LEBANON: Nation braces for Hezbollah reaction to indictments
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Lebanon is bristling with nervous tension as it awaits the announcement that could spark a new round of civil strife or even another war with Israel, but disaster may not be as imminent as many fear.
It has been nearly two weeks since a prosecutor’s office told reporters in the Hague, Netherlands, that the draft indictment in the investigation into the 2005 assassination of former Prime Minister Rafiq Hariri would be handed over to the pretrial judge, Daniel Franson, ‘very very soon.’ Hezbollah members are expected to be accused of complicity in that bombing, which killed 21 others as well.
The nation has braced for a confrontation between the government and the Shiite militia, which has dismissed the court as a politically charged sham and vowed to fight the charges and prevent any of its members from being taken into custody.
But experts estimate it will take another six to 10 weeks for the judge to review the merits of the case, and even if he confirms the indictment, he can rule to keep its contents confidential. That means the names of suspects -- unless somebody inside the court leaks the names to the media -- probably won’t come out before mid-February, if they are made public at all.
‘At the moment that the prosecutor submits the indictments to the pretrial judge, there will be a substantive shift in the focus of the work of the [special tribunal for Lebanon], with the judicial taking the lead,’ Crispin Thorold, chief public affairs officer for the tribunal, told Babylon & Beyond.
The United Nations-backed Special Tribunal for Lebanon has hinted for months that the indictments against members of Hezbollah in the murder of former Hariri and others would imminent, and some have warned the fallout could paralyze the government and further destabilize the country. Some reports have surfaced in the Israeli press indicating that Israel will be watching Hezbollah’s reaction closely.
The prosecutor, Daniel Bellemare, is expected to submit his draft indictment to the pretrial judge any day now. Franson can confirm or reject the indictment in whole or in part, or ask for more evidence. In exceptional circumstances, the pretrial judge can rule to keep the indictment confidential if its publication is deemed a threat to the judicial process.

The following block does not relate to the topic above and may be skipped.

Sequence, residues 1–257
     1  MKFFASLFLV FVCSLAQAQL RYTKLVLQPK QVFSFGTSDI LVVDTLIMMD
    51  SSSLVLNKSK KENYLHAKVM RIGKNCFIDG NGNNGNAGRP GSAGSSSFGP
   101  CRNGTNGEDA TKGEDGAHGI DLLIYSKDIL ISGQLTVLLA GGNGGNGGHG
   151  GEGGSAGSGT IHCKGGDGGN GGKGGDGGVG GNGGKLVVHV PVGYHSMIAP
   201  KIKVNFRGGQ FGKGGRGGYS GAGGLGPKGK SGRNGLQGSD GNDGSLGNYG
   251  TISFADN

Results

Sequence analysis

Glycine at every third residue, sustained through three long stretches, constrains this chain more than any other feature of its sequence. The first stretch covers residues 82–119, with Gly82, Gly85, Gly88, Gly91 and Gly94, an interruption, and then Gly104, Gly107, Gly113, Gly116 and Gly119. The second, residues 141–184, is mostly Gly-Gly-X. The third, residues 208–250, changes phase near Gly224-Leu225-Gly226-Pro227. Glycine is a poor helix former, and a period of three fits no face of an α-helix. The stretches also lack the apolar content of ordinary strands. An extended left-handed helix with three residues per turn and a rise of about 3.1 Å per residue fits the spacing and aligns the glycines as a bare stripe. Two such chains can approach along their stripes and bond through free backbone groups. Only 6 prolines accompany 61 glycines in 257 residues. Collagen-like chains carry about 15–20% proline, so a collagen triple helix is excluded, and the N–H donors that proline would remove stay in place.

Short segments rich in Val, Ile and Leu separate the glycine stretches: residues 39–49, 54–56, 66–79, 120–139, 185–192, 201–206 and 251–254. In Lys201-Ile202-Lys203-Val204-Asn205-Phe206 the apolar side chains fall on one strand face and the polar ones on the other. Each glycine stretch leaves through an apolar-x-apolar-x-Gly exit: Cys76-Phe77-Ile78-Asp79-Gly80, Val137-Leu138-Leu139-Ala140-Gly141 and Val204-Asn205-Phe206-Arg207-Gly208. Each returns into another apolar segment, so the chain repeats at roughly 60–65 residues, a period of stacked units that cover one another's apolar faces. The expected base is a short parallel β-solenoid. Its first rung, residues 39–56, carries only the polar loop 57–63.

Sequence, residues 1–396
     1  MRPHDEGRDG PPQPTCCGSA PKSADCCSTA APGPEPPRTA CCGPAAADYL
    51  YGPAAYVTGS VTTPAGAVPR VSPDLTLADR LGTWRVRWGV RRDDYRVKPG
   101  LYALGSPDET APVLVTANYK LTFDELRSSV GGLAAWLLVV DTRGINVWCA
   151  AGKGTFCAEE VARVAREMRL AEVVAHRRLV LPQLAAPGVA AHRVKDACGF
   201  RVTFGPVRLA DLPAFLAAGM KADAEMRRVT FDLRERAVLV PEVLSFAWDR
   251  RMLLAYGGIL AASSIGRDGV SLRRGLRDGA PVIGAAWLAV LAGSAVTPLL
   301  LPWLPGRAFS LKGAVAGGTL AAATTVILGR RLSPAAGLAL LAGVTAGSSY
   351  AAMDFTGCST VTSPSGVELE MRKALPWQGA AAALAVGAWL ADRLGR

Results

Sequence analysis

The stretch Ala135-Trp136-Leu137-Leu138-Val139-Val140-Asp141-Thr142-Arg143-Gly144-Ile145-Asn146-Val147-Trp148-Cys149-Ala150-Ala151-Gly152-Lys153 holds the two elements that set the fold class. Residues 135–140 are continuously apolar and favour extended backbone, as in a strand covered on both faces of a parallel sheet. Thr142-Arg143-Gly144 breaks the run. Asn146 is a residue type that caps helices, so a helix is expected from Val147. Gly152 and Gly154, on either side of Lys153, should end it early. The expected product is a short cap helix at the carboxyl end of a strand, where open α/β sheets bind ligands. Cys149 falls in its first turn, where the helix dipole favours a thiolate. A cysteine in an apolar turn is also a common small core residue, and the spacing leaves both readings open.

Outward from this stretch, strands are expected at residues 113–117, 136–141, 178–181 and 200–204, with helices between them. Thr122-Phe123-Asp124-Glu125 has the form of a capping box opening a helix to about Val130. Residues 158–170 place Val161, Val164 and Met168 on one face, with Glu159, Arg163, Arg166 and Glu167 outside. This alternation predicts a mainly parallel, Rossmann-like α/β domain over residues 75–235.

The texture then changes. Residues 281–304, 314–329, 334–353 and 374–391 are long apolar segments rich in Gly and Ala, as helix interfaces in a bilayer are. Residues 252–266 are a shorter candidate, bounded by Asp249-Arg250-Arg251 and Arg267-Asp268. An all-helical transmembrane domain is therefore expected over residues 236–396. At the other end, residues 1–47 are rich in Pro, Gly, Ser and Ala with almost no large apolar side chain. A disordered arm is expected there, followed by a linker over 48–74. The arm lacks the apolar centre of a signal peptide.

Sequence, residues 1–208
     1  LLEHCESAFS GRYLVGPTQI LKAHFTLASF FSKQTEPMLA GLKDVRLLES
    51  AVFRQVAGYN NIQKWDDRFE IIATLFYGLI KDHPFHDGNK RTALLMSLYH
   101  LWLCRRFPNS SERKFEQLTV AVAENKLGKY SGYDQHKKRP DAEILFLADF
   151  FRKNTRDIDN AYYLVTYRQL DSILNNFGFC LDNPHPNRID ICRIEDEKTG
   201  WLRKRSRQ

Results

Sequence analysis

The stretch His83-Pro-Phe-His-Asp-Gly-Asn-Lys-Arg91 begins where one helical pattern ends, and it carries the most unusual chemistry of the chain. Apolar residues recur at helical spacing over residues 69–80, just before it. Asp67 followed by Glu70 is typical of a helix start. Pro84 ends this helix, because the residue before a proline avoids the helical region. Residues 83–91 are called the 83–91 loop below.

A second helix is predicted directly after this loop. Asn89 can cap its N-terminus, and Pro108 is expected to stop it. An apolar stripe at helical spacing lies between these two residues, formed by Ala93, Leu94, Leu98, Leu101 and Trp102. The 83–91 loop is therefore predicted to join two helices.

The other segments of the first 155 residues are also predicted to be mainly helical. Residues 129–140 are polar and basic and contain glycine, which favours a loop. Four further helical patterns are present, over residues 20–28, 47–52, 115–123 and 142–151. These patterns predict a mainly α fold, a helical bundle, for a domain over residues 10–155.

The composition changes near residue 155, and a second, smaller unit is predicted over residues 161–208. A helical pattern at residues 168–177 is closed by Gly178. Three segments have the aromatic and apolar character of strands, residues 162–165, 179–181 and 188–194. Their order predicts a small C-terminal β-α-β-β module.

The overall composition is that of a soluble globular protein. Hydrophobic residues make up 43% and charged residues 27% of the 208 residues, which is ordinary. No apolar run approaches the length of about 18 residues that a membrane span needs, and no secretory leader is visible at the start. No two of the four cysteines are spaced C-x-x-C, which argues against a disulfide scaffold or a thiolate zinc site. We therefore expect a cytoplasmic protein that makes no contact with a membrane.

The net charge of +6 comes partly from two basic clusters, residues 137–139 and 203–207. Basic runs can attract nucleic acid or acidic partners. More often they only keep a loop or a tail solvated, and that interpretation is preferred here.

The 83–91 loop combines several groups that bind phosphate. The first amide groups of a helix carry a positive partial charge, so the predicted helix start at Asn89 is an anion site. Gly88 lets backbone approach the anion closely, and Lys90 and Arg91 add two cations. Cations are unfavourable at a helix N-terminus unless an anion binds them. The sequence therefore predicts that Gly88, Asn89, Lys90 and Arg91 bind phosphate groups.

‘The Registry within the STL is responsible for serving the indictment on the state where the accused resides,’ Thorold wrote in a follow-up e-mail. In other words, the Lebanese state is responsible for acting on the indictments and arresting suspects on Lebanese territory.
‘It is the responsibility of the state concerned to keep the contents of any sealed indictment confidential whilst they are locating an accused,’ he added. ‘Once an accused has been found, the relevant parts of the indictment would automatically become public. ‘
The investigation has been plagued by leaks from the beginning, however, and there is no guarantee that the names of the suspects would not find their way into the press even if the judge orders the indictment to remain confidential.
These leaks have caused the tribunal to come under fire from all sides, but especially from the militant group Hezbollah and its supporters, who have accused the investigation of being politicized and without credibility.
On Monday, Iran’s supreme leader, Ayatollah Ali Khamenei, weighed in, calling the tribunal a ‘rubber-stamp court’ and that he considers its verdicts ‘null and void.’
‘We hope the influential and involved parties in Lebanon will act wisely so that this issue will not turn into a problem,’ he added, in what could be read as a warning to the tribunal’s supporters in Lebanon not to pursue arrest warrants against Hezbollah members.
The March 14 Coalition, led by the slain Hariri’s son, Prime Minister Saad Hariri, continues to voice public support for the Tribunal but has also indicated it would be open to a deal brokered by Saudi Arabia and Syria.